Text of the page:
I’ve only been to Cooperstown, NY once in my short life. It wasn’t for an induction or a special event. It was just a chance for a father and son to experience the heart of the game we’ve enjoyed for as long as I can remember. He and I have shared countless baseball games, and we can say that we saw 6 teams play the year the won the world series [1995 Atlanta Braves – 1997 Florida Marlins – 2001 Arizona Diamondbacks – 2005 Chicago White Sox – 2006 St. Louis Cardinals – 2008 Philadelphia Phillies].
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Does anyone want to share with me
a possible legitimate reason for former MLB trainers coming out and slandering
a former player’s name? Maybe I’m a little out of touch sitting at a computer
desk in the snowy, snowy northeast, but I don’t see what anyone could possibly gain
from publicly “blowing the whistle.”
Let’s be honest here. Brian McNamee and Kirk
Radomski are nobodys.
Maybe they face a little trouble
with the law for possession of steroids and they want to take someone down with
them. Maybe they are taking all the blame for a steroids ring and they want to
point the finger in another direction. Or maybe they have realized that they
are culturally irrelevant to baseball and they want to make a name – albeit a
bad one – for themselves. Either way you slice it, they’re both cowards and
they don’t deserve to be written about.
It’s no secret that I could care
less about baseball players taking steroids, let alone former players. My question to you, though, is this: If Bud Selig is so dead-set on removing steroids from
baseball, why is all the media attention revolving around former players?
Whatever happened with David Justice, Dwight Gooden,
Mark McGwire, Roger
Clemens and Barry Bonds happened a long
time ago in baseball years. All Selig can do now is humiliate them and take
away a possible Hall-of-Fame enshrinement, which is not really that big of a
punishment. Selig can’t remove the games that they played from history.
If Bud really wants to punish
someone and make a difference, he would focus on players who are still on a
Major League roster and take games away from their career. Denying a potential
Hall-of-Famer absolution really makes no impact on the game itself and it
upsets more fans than it does players.
So why do trainers who aren’t so
much as a blip on the baseball radar feel the need to do this? Why any of us
ever feel the need to do this?
If you’re that miserable with
your own life it’s just plain cowardice to blame other people. We are all
responsible for our own lives and our own mistakes and we need to accept that
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understand that I am an idealist and as such I can sometimes be accused of
being a bit naive. I may look at situations and see the issues that most of us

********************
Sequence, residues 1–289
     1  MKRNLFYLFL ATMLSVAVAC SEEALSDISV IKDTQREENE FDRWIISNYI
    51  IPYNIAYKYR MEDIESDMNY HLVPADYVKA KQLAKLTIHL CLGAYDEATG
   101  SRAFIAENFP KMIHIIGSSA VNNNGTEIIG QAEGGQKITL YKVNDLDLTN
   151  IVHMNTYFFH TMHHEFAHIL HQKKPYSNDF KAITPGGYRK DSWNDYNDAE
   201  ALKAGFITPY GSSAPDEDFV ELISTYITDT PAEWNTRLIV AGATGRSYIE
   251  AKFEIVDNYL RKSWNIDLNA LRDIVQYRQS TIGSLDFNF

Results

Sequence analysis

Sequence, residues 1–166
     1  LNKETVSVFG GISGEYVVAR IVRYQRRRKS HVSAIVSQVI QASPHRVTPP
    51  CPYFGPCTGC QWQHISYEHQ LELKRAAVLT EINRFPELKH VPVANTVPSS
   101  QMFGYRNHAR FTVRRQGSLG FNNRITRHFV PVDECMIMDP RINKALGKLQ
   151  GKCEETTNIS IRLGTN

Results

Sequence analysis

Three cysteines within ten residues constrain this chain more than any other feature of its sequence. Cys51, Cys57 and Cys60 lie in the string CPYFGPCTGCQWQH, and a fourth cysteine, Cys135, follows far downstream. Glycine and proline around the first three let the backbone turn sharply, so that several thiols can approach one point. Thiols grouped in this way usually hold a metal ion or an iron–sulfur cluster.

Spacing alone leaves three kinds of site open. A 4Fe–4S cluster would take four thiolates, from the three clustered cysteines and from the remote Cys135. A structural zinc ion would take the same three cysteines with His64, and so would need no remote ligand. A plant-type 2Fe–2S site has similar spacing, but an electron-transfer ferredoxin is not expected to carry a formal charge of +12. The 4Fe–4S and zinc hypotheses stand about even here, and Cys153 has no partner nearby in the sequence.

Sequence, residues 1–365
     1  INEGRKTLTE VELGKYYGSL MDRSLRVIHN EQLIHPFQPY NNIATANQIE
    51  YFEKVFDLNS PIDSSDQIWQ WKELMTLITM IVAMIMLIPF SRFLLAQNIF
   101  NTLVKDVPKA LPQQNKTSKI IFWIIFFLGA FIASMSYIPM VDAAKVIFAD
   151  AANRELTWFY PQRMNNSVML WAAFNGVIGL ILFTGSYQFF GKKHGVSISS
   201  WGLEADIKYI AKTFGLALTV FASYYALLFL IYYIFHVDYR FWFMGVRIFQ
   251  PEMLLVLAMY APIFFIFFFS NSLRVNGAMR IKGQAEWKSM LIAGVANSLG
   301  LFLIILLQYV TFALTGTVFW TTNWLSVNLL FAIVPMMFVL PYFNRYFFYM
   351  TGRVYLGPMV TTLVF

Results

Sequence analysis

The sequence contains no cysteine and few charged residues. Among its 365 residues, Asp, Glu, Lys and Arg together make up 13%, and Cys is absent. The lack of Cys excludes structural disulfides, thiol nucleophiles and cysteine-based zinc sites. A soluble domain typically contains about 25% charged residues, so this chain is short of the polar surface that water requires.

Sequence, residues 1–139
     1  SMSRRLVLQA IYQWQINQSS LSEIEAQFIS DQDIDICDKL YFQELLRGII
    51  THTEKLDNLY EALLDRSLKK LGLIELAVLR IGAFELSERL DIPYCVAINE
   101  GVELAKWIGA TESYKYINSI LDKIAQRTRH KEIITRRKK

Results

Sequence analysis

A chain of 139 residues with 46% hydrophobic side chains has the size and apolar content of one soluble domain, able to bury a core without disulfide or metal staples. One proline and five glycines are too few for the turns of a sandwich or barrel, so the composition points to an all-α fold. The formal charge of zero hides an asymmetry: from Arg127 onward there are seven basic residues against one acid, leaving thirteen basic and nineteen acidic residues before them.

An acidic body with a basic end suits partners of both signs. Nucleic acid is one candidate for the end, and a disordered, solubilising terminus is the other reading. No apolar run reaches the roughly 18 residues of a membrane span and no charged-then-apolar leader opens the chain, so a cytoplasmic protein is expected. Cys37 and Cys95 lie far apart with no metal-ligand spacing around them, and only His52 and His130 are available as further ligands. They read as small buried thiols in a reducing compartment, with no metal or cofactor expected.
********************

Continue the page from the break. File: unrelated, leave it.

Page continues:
miss, but I assure you, I ignore nothing.
Last week I made the best case I possibly could for Mark McGwire’s Hall-of-Fame
vote. It’s not easy with all of the speculation surrounding him, but instead of
denying that he took steroids (because I have no idea if he did or didn’t) I
tried to analyze what is and is not a legitimate reason for voting someone into
the Hall-of-Fame. I pointed out that we are not criminal investigators and even
though we think we may know everything about a steroid user, I don’t think we’ve
even scratched the surface.
As much as I
love baseball, I am willing to let a one or two time steroid user off the hook;
even if that steroid user is a legend or a potential “Hall-of-Famer.” Most of
us writing about sports will never understand what it’s like to compete at that
level and I don’t think anyone who doesn’t has the right to call any of them
cheaters. Sometimes professional athletes resort to drastic measures and make
mistakes. They’re not perfect just like we aren’t perfect, and I don’t think its
right to hold them to such impossible standards.
That aside, I think I did a pretty good job. I may not have changed anyone’s
minds about the slugger but at least I made my case and I got my point across.
What more could a writer ask for?
morning, however, I wake up at a crisp 7:45AM to a SportsCenter report that
Mark McGwire’s brother, Jay, is trying to publish a book about Mark’s alleged
steroid/HGH use. Needless to say, the brothers are not on speaking terms.
like this, I am glad I do not have a brother. Sisters are better anyway. (She’s mine!)
comes from a town which has been aptly named “The City of Brotherly Love.”
Growing up, I was always taught it was unforgivable to do something negative to
your family. We fight just like every family fights but it has never resulted
in anything beyond a week or two of the cold shoulder.
should be absolutely ashamed of himself for so many reasons right now, I don’t
think there is enough room on the MLBlogosphere for me to write it all.
all, he is following in Jose Canseco’s footsteps as a whistle-blower (they’re
not worthy of being called ‘authors’) who just wants some money. So they
publish a collection of pages bound together (they’re not worthy of being
called ‘books’ either) that basically point fingers in every direction until
someone end up getting a phone call from congress.
all, the fingers are all pointed directly at his brother Mark.
I understand, Jay, that you might be a little
bit jealous of your bigger bro. After all, he